Current VQA solutions rely on deep learning techniques. Being a problem on multimodal data, this implies to merge both images and questions into a common representation space. This is challenging because images and texts are very different data types, treated by means of different neural network architectures: CNNs (Convolutional Neural Networks) are the state of the art for image classification and representation, whereas text processing often resorts to RNNs (Recurrent Neural Networks). VQA solutions must orchestrate both technologies leading to systems that are extremely complex.

The complexity of existing VQA solutions makes the task of inspection and debugging very hard. In particular, neural networks are black-box models: one requires a significant amount of work and solid expertise to understand the inner-workings of the network. It becomes therefore very difficult to understand why a VQA system makes a mistake. Such a task, however, is vital for the progress of research in VQA.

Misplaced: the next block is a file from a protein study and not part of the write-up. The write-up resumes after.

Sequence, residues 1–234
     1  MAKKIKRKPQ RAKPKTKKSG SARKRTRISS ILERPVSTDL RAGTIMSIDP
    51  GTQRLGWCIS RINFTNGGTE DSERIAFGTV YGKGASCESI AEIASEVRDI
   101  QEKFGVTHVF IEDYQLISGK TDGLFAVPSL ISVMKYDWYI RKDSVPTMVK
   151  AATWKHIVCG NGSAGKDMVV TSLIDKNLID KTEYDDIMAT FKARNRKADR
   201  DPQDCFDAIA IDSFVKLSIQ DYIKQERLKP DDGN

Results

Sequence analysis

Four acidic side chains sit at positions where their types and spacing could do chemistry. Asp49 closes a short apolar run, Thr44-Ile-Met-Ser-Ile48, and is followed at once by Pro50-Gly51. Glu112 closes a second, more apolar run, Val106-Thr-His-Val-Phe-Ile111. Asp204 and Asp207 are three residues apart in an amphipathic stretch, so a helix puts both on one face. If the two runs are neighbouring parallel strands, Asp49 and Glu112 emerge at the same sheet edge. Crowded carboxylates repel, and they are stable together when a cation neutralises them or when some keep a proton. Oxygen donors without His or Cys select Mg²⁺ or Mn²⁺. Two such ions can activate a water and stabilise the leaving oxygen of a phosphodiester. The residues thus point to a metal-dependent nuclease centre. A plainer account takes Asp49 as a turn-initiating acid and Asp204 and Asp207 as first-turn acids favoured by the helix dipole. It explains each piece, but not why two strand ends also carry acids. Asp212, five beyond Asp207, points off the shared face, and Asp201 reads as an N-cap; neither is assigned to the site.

Mission confiée

The main purpose of this post-doctoral fellowship is to port the principles of interpretable AI and ML to the domain of the visual question answering. Attaining such a goal requires us to overcome other challenges such as understanding what makes a good explanation in a multi-modal setting.

Principales activités

The post-doctoral researcher in charge of this project will work on methods to explain the output of a VQA system in order to understand why it erred (or not).